How this business went from a $2.5 million valuation to a $13.4 million sale after asking an outsider for advice
Friday, March 16, 2018/
Three years ago, podiatry business and Smart50 alumnus Dimple Care had worked out its “big, hairy, audacious goal”: it just kept falling short of reaching it.
“We were doing annual and quarterly review sessions, but one of the biggest mistakes we were making was we weren’t reviewing the business in a 360 degree fashion,” founder Damien James explains.
The business, formerly known as Aged Foot Care, employs around 60 podiatrists to provide services in aged care facilities across Australia. It had annual budget goals and a vision for the impact it wanted to make, but kept missing targets, James says.
In 2015, the business was valued at $2.5 million, and shortly afterwards James brought in business coach Rob Nankervis for help to see where the company could improve on strategy.
Nankervis employs the Gazelles method of strategic planning, which involves separating elements of a business out into the people, strategy, execution and resources.
“In terms of engaging the coach, it’s a bit like going to the doctor. I knew we had a problem, and I was happy to admit it,” James says.
Having a coach in the business helped management see that Dimple should review how it set up goals in the first place.
“For example, we had a 10 year “Big, hairy audacious goal”, but on average podiatrists only stayed seven years,” he says.
Once this was pointed out to them, management broke the big goal down into three “small” three-year targets that covered customer satisfaction, growth in services, and productivity targets for podiatrists that worked with the company.
The business also realised it needed to bring all of its departments together to discuss what was working within the business and what wasn’t, so different teams weren’t operating in total isolation.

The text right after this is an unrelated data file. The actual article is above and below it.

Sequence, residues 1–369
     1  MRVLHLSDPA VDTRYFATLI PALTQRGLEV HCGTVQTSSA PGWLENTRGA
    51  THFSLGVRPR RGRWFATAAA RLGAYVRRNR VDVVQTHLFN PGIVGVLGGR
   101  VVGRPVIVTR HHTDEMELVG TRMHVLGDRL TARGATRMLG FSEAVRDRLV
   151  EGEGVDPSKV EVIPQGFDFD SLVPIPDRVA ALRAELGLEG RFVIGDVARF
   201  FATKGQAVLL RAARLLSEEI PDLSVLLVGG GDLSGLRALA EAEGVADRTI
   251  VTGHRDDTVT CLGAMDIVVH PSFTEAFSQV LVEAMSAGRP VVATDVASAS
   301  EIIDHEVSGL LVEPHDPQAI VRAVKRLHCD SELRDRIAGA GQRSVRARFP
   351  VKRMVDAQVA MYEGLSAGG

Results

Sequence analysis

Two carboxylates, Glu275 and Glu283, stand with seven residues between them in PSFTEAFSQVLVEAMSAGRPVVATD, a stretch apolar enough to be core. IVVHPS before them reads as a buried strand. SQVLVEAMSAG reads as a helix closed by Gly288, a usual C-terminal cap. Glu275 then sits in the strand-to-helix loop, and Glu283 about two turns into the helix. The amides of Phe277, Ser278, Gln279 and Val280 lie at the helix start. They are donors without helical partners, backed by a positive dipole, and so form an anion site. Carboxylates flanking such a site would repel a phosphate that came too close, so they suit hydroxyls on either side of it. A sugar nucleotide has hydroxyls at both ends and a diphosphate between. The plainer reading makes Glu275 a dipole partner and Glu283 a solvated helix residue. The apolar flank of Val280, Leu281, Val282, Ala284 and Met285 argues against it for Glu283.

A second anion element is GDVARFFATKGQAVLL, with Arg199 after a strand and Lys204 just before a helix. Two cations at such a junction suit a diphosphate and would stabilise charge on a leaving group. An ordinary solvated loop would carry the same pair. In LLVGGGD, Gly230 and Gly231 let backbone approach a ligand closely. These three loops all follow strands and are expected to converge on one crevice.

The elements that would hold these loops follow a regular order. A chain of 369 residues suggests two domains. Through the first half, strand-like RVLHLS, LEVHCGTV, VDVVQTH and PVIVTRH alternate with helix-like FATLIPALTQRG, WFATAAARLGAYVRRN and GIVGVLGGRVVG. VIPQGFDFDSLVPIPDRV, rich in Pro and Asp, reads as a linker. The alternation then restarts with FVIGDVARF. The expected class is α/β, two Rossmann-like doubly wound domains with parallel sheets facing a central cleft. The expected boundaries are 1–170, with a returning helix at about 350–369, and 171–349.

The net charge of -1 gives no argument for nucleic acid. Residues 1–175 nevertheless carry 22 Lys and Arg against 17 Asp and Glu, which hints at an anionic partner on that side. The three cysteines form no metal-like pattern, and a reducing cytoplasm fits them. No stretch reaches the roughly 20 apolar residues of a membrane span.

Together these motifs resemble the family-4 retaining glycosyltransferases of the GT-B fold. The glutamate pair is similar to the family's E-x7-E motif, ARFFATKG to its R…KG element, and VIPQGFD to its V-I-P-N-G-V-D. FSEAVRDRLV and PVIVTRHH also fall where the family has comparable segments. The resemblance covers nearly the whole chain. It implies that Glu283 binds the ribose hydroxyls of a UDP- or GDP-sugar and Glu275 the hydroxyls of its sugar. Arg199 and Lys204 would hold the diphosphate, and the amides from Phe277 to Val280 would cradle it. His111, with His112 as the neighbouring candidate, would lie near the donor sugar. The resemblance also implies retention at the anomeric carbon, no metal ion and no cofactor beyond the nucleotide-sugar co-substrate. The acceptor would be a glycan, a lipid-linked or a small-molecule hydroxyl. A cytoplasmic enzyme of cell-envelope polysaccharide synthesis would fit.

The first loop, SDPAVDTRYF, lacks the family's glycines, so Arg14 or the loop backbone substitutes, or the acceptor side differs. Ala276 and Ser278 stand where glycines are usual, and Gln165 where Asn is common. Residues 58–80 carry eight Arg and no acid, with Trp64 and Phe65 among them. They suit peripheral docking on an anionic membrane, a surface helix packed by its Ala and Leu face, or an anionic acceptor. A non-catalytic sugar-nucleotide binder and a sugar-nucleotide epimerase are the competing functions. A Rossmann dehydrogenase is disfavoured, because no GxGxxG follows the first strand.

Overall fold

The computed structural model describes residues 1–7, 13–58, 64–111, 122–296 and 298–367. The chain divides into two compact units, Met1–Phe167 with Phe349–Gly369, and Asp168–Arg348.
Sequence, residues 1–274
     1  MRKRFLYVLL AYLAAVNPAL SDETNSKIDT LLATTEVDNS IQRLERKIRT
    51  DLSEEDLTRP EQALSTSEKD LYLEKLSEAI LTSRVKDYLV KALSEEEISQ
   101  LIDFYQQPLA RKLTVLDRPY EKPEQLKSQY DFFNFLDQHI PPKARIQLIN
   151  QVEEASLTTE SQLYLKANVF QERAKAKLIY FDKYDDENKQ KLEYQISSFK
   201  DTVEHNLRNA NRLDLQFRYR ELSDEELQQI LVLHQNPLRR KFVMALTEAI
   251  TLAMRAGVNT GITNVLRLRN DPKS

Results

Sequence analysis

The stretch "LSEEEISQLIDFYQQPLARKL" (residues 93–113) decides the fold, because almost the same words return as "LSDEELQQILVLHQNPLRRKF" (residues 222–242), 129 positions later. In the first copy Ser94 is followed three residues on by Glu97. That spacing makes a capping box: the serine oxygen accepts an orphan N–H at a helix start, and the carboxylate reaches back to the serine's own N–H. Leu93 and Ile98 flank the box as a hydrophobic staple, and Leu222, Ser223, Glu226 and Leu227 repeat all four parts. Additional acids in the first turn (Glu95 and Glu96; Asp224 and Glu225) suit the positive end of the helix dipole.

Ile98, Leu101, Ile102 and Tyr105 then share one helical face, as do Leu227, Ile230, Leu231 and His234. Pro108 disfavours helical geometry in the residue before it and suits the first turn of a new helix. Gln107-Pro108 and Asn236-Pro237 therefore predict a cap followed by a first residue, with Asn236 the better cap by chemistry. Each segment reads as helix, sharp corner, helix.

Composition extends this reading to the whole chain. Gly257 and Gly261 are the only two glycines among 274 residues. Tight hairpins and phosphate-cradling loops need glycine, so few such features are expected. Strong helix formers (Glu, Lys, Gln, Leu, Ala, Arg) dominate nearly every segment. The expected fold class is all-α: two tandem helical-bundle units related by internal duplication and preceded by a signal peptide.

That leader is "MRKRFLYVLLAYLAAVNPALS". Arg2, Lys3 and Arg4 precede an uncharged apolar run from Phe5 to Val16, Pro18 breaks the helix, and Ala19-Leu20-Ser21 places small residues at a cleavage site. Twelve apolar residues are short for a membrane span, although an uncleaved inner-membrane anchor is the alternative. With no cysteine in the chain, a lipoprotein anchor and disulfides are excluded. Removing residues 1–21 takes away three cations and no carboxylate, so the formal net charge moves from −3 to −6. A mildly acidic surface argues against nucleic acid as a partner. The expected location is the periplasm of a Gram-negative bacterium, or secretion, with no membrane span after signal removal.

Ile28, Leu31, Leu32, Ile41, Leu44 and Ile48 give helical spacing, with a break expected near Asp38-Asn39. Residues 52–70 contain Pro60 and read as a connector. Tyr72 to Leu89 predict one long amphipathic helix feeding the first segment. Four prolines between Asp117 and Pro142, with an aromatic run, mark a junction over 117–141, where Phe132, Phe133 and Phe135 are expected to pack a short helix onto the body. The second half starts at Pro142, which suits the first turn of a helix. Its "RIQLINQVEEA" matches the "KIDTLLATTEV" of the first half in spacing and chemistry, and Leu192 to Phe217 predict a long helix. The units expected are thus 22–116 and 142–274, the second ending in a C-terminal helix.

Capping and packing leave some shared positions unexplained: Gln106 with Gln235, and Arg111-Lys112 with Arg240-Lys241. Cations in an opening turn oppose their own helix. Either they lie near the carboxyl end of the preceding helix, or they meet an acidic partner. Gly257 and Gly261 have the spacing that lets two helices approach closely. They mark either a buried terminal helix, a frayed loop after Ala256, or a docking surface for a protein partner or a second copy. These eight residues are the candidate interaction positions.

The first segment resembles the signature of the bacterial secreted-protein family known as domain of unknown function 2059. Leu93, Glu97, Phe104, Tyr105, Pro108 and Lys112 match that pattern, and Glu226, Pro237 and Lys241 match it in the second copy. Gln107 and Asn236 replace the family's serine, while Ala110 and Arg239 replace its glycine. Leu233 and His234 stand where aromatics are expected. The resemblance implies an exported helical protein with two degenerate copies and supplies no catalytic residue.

Dimple started having regular full team meetings, as well as reviewing its staff cohort quarterly to work out what each one needed to become an “A grader”, if they weren’t already at that status.
“I think it’s easy when the whole team is there – when you do [explain your] ‘wins and losses’, it’s very informative,” he says.
Creating a business people want to buy
James says that once the business brought an external coach on board, “it was only within six months that we started to see tangible results”.
As part of the new strategy focus, the company also started having managers of each department compile monthly reports on the performance of their sector. James says the focus on tracking progress like podiatrist’s productivity became invaluable when a compelling opportunity landed on the table for a buyer.
“If you can show them [the buyer] they can go back and read the reports, it can show that you’re a really well-run company,” he says.
ASX-listed allied health and home care company Zenitas was one interested party.
Two and a half years after first reviewing its strategic approach, Dimple was able to show it held a quarter of the market share for its kind of podiatry services, and was able to easily explain its recent wins to the Zenitas team.
Zenitas purchased Dimple for $13.4 million in July 2017 – a price close to $11 million more than what the company was valued at less than three years prior.
In the 2017 financial year, Dimple’s revenue hit $11 million.
James says there were a number of elements that helped the company secure the deal, including the fact that Dimple’s chief executive, Nick Beckett, brought a wealth of experience from time in his previous role as head of tea business T2.
He also credits the leadership team for its commitment to the new strategic approach, as well as the focus on hiring quality staff.
“What really helped us is we made a commitment to hire people who were better than a role,” James says.
Reflecting that everyone “wants to build a business that people want to buy”, he’s an advocate for asking someone to help you break down the goals.
“I think I really liked having the three goals, because each year we would have a goal to get closer to those. There was always consistent feedback about where we were going, and how far along in the journey we were.”